Azeem Azhar’s new book Exponential proposes that twenty-first century societies exist in a condition of unprecedented and problematic change, where computing, artificial intelligence, renewable electricity and energy storage, biotech and manufacturing are producing innovations at an exponential rate: ‘A wholly new era of human society and organisation – what I call the Exponential Age.’
The problem is that society is not moving at the same pace, so an ‘exponential gap’ is opening up, supporting a ‘gulf of mutual incomprehension’, between producers of technology and everyone else. This matters because – even seen through a sociotechnical not a technocratic lens – technology and human society are inextricably intertwined, and leaps forward in technology (from Gutenberg to Jobs) come with increases in living standards for many of us, and also have the capacity to disrupt long-established cultural norms, like democratic processes.
In conversation with John Thornhill, Innovation Editor at the Financial Times, Azeem explores together the credibility of the book’s central premise. Together, they take in various models of progress, from radical change to evolution, and the capacity of human knowledge to help bridge the gap and return us to a society that centres people and wellbeing, including the following provocations:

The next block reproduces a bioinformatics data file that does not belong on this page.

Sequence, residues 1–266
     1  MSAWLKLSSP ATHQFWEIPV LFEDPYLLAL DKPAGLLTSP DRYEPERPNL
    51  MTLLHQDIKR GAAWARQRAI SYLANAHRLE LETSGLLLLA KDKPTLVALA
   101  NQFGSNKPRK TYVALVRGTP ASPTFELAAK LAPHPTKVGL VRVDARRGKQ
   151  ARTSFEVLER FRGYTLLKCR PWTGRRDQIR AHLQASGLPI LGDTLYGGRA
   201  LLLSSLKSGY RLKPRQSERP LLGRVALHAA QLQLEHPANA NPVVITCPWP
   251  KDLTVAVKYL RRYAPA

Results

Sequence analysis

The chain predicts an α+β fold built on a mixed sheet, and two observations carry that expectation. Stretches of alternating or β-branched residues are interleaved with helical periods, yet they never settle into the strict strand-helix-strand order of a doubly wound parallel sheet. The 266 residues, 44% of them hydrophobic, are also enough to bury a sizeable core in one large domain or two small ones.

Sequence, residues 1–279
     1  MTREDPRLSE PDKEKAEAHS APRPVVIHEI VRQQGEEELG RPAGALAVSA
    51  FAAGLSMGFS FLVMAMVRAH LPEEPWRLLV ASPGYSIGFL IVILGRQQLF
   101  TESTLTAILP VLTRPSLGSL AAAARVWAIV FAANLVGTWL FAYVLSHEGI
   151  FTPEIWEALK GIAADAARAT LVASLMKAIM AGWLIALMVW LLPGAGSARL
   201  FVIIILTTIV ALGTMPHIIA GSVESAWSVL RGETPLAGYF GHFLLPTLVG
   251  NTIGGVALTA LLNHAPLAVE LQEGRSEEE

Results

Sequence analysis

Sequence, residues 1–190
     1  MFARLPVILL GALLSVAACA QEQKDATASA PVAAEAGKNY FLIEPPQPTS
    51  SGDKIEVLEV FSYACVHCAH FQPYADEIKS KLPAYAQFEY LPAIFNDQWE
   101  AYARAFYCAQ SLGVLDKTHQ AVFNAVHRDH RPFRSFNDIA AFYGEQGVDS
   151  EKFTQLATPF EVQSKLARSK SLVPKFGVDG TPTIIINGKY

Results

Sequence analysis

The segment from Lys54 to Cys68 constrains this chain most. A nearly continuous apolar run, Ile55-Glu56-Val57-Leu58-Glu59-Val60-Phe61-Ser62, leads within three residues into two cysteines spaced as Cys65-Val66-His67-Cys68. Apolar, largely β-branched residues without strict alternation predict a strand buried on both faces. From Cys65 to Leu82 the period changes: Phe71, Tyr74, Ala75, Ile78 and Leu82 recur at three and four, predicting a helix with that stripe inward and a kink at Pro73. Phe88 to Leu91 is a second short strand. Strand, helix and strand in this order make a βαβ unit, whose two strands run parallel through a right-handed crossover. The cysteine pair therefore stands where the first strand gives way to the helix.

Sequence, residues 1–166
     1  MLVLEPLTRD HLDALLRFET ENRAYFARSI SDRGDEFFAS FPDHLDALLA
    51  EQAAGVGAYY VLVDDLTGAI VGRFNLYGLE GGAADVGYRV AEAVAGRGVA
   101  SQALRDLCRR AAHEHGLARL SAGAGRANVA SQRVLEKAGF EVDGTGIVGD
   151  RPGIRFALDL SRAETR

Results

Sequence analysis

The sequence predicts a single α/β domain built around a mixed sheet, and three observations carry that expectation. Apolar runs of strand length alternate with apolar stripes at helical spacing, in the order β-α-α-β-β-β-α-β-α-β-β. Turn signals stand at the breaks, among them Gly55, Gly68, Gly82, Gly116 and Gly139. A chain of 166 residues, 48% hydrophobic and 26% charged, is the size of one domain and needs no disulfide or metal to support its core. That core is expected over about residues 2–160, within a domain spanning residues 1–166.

- Is there a condition where evolutionary change in increments delivers the systemic change that’s needed to rebalance society? Or is there a model where there is no strategic direction and evolutionary ecology delivers beneficial change?
- Who sets the direction? Where is the fitness test? Who holds the reins? Is that the role of the regulator, for example?
- Do international comparisons support better insights? Does paying attention to the approach to regulation in China without being distracted by myths of cultural difference deliver insights for other regimes?
Watch back the conversation:
Associate Director (Impact)
Azeem Azhar is a writer, technology analyst, entrepreneur and creator of the Exponential View newsletter. John Thornhill is Innovation Editor at the Financial Times, writing a regular column on the impact of technology.
Exponential: How accelerating technology is leaving us behind and what to do about it is published by Penguin Books and available from your nearest, local bookstore.
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